We live in a world where we obtain everything instantly, we are glued to our phones and expect everything at an instance.
Even when it comes to love there apps out there like Tinder and Grinder, where by people can swipe left or right in a chance that they might find their true love. Nothing says romantic now like a heart shaped emoji does it?
Well that’s where Reform Theatre proved us wrong.
In association with Harrogate Theatre and Middlesbrough Theatre, Hopeless Romantics told a story about how a hopeless friendship can blossom into something more romantic.
Poor Alan ( Kivan Dene) has spent most of his love life believing that finding love should be like a rom com, it should be more traditional more face to face rather than over a screen. And to be honest he hasn’t had much luck, in fact he is still single.
His sisters can’t stop rubbing the fact that he still does not have a girlfriend in. So when his family invite him to a dinner, he asks work experience girl Zoe (Hannah Douglas) to be his girlfriend for the night. Sounds like a solid idea, right? Well turns out Zoe carries more than a purse and some high heel shoes and it does not go according to plan.
Perhaps similar to a soap drama in that the story line is slowly but surly progressing and the dialogue is fast paced, though we the story is obviously wrapped up at the end of the performance- there is something episodic about Hopeless Romantics. As each scene there is something new happening that we know affects the outcome of the pairs predicament.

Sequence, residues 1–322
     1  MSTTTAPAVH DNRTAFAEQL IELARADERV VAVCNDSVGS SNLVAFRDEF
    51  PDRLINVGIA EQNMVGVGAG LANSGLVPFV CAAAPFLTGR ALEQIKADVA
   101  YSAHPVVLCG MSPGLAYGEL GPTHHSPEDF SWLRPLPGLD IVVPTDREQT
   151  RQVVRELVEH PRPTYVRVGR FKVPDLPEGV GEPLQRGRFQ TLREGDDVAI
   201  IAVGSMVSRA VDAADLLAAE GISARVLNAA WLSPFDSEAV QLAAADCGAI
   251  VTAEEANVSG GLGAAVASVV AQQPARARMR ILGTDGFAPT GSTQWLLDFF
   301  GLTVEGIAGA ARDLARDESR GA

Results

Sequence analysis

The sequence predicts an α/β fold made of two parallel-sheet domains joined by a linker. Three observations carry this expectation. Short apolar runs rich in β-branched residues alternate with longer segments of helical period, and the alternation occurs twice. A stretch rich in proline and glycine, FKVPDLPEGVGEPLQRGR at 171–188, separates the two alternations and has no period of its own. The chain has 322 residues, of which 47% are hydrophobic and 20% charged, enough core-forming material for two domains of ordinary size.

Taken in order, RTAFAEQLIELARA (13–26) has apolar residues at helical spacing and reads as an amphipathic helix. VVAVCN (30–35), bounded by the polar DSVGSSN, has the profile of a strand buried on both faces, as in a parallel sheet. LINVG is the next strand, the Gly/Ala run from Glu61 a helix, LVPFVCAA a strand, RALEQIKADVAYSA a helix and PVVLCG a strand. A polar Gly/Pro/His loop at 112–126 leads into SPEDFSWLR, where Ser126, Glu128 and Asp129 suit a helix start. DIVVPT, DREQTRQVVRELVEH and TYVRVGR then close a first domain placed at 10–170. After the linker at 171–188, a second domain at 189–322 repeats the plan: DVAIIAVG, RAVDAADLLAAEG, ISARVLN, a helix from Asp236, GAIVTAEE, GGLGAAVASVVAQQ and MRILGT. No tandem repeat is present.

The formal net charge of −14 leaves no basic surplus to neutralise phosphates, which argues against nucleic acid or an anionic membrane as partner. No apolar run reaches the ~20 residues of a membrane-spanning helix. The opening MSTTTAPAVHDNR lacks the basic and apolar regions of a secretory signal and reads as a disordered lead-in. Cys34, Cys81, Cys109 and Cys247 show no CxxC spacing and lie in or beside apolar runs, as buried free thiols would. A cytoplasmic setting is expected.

Written by Nick Lane, Hopeless Romantics is a rom com in itself- commentating on the real life dramas that happen to everyday people. I appreciated how “real” it was, this show could have easily been created in abstract form. Rather instead it drew upon human emotion and showed how we in the 21st century really feel when it comes to commitment and the meaning of a relationship.
It was defiantly a story about how those who who work for love and those who want it all now can often work together and create something special.
We thrive on updating our lives on social media and getting this sense of fulfilment and appreciation from others, that we often forget to take a step back and look at ourselves in the mirror and what we are doing in the real world.
Hopeless Romantics taught us to stop asking for appreciation from others and to start living our own lives and appreciate ourselves for who we are and not what others want us to be or how we think others should see us.
For more information about tour dates click here